5. Number of floors – preference of having a bedroom/washroom/laundry etc on the ground floor, etc.
6. Room to entertain – parties, stay over, etc.
7. Layout of the rooms – plan has to make sense for your lifestyle and fit your tastes.
8. Outdoor living and entertaining.
9. Storage space/options – outdoor and indoor.
10. Garage space.
11. Future needs for future additions – for children, dogs.
12. Maintenance (Decide if you will have the time to do all the cleaning up and maintenance work yourself or can you afford to employ help. If you are doing it yourself, you do not want to spend all your weekend on housework. So plan and pace yourself.)
13. Gardening.
14. Preference of a media room, game room, bar, basement, loft, etc.
15. Neighborhood, safety, community, gated access, etc.


16. Distance to and from work.
17. Number of possible routes.
18. Usual traffic in these routes.
19. Hours spent away from home daily.
20. Home office space for working from home.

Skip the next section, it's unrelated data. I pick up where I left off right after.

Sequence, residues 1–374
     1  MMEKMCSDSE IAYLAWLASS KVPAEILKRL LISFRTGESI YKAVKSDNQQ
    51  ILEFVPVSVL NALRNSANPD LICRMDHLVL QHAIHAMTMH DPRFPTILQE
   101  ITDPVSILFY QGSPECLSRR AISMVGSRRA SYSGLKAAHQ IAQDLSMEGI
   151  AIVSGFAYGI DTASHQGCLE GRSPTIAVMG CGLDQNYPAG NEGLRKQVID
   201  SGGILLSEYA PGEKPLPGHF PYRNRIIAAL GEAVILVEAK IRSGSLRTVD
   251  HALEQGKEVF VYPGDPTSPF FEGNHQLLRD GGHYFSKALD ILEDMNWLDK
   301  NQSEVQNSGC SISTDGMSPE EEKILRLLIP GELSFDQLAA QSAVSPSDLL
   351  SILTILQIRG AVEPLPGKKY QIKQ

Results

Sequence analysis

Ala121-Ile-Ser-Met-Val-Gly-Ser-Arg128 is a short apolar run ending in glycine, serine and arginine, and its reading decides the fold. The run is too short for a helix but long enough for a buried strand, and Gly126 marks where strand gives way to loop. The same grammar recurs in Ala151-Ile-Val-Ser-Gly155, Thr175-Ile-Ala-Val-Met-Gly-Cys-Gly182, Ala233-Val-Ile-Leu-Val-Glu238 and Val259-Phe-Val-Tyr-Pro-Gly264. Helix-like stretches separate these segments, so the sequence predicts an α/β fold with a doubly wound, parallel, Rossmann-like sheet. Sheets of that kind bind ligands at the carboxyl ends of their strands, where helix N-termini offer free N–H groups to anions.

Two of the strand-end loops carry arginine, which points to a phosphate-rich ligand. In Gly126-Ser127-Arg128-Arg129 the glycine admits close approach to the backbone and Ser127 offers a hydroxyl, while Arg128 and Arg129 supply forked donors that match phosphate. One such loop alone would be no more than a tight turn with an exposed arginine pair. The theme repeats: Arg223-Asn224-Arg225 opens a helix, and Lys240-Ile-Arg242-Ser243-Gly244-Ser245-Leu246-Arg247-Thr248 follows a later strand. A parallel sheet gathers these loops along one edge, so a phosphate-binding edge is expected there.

21. Proximity to airport, etc if you travel a lot.
22. Proximity to gas station, shops – especially for day-to-day stuff like milk (or ciggies!).
23. Proximity to shopping malls, stores, cinemas, other entertainment options, etc.
24. Proximity to parks, downtown (if you prefer), etc.
25. Public schools, private schools, day-care facilities – and their standards.
26. Sunrise and sunset – believe it or not, it is very important to check the direction some rooms face. If your master bedroom is east facing, it is a good thing as the sun will wake you up and the light will make you alert and ready for your day ahead. On the other hand, if the room you intend to relax in after a long day’s work is west facing, the heat will sap you of what little energy you might have.


Do not set your mind on what you might be willing to compromise on or what you absolutely must have. What you think you must have may not be as important as you originally thought.